Tasting the Difference

Over the past two centuries, the coffee industry and the production of various fruits has played a major role in the economic success of Costa Rica. Although these crops have brought great business to the country, Ticos themselves have been missing out on some of the rich, gourmet quality products. At each of the plantations we have been to so far, all of the best crops have been exported to European and American consumers and Tico consumers were left with a small selection of the second-class crops, or the “floaters” as mentioned in the coffee bean industry. Until today, we were not exposed to high-quality products made specifically for local Ticos. Today we visited a company called, 1820. 1820 has been a coffee producer for 24 years, and they specifically market their products to Ticos. They have various classes of coffee, two of which we were able to taste test today: Cláro and Especial Reserva. Both of these products are 100% Arabica, this means that the quality of the coffee is very good; there is no need for sugar to be added to create flavor. As many plantation managers have told us, “supermarket coffee” or the coffee often times left to the Ticos is 80% Arabica coffee beans, and 20% sugar; 1820 produces both as they state “the best coffee is the product that you prefer.”                                                             IMG_3216

1820’s most popular type of coffee is their Clásico, and they account for 30% of the Costa Rican market for coffee, this means that they are by far the most popular. The reason that 1820 is so successful in the Costa Rican market is because they aim to match the taste of the Ticos, they do not base the tastes of their products off of the preference of the expert cuppers.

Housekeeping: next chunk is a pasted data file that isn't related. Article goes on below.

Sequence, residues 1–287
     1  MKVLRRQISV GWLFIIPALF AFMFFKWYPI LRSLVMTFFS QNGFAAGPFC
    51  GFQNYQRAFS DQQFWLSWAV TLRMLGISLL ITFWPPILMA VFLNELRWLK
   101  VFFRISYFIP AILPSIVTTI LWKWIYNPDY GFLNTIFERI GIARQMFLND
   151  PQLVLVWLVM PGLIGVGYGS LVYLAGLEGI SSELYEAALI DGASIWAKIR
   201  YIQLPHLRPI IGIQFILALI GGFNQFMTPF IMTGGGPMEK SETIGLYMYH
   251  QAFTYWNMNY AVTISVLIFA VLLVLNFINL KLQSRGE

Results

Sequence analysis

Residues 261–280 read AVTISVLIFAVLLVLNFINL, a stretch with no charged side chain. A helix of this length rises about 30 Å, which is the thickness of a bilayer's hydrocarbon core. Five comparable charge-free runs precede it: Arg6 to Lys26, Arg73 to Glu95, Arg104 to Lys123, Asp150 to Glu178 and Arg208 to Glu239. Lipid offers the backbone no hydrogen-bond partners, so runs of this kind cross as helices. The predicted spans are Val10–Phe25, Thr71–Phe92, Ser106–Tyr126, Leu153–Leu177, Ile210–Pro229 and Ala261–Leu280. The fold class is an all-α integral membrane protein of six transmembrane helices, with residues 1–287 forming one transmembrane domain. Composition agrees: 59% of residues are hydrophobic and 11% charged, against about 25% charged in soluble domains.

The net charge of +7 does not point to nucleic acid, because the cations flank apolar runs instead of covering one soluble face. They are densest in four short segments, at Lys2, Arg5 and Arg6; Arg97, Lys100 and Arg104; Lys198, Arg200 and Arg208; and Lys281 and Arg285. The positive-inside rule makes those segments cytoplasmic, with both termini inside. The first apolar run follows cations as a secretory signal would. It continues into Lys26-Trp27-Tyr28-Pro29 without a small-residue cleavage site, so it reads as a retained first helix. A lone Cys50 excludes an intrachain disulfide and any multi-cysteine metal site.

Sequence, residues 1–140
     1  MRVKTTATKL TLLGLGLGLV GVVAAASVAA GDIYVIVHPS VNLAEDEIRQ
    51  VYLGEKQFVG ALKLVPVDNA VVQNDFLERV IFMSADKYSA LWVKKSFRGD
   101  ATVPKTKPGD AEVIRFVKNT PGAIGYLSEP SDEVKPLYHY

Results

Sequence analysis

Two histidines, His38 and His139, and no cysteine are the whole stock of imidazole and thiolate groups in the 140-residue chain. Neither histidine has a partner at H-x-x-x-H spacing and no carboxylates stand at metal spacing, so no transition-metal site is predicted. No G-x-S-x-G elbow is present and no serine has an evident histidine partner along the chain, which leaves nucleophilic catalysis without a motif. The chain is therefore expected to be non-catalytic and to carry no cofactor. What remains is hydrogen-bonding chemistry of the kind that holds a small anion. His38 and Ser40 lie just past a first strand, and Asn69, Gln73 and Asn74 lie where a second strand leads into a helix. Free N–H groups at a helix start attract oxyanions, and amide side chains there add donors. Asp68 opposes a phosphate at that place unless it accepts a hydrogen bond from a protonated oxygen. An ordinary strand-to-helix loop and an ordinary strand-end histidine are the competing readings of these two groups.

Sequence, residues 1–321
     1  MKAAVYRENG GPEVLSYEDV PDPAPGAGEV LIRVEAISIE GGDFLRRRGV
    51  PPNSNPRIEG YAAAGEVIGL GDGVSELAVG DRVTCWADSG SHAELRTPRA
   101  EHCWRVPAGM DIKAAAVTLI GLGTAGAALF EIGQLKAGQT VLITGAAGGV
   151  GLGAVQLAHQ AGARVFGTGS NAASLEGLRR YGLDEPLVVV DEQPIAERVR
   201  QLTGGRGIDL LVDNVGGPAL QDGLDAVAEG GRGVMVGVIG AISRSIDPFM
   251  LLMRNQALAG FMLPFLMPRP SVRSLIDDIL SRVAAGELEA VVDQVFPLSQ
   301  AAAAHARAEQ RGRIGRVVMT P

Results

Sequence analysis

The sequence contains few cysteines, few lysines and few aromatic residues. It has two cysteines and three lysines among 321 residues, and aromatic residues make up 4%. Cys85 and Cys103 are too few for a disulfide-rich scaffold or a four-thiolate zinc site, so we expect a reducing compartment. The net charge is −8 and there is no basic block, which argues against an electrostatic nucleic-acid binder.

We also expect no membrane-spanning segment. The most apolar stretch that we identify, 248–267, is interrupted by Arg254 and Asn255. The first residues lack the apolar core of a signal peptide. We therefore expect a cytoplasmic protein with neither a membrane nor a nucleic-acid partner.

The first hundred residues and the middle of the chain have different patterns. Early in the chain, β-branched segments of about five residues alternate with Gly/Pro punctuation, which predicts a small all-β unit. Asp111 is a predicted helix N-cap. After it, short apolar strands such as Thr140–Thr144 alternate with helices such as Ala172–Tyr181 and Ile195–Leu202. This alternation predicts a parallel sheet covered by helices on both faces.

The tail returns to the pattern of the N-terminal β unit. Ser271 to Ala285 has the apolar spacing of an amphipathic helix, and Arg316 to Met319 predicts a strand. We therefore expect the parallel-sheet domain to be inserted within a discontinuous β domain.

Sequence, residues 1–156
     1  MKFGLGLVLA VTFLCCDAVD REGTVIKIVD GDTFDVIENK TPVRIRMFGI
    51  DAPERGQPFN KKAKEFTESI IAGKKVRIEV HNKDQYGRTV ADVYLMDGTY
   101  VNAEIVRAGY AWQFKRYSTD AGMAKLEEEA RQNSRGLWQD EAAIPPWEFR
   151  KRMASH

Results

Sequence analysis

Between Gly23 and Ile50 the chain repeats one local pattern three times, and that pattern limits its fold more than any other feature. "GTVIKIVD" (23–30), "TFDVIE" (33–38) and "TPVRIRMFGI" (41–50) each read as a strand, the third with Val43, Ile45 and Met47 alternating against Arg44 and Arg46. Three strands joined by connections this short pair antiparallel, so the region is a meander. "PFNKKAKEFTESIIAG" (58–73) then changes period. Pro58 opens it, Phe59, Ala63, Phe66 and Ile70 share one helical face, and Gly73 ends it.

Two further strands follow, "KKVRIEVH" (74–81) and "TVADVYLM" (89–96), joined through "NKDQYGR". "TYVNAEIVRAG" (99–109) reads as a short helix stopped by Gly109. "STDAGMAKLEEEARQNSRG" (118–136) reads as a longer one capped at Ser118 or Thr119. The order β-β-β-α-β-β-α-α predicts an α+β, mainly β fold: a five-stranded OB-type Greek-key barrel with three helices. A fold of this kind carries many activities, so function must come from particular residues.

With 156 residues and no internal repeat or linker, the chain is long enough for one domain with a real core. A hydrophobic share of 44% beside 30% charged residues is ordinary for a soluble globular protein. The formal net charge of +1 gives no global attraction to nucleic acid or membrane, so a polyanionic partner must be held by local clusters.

1820 produces great quality coffee, but they match the flavor that the Ticos have become used to. In other words, they seem to somewhat mimic the flavor of the lesser coffee. Brands like Café Britt, for example, do not do as well in sales in Costa Rica because they produce gourmet coffee that is better off being marketed on an international scale rather than the local scale. I think that the Ticos absolutely deserve better quality products than they are given; however, they do not seem to expect this quality because they have become so accustomed to the second-class product, I would even bet that most of the time they do not care to notice the difference. Instead, they are content with what they have. Because it is produced very close in distance, they seem to have the freshest products, especially when it comes to fruits like mango and pineapple, no matter the quality.

Coffee and fruit have been Costa Rica’s main exports for the past two centuries, and because they export the finest goods, they have maintained successful business relationships with many foreign companies. This leads not only to continuous revenue from the exports, but also, it attracts foreign investors as a whole whether it be in fields of hospitality, ecotourism, or even in the production of crops.

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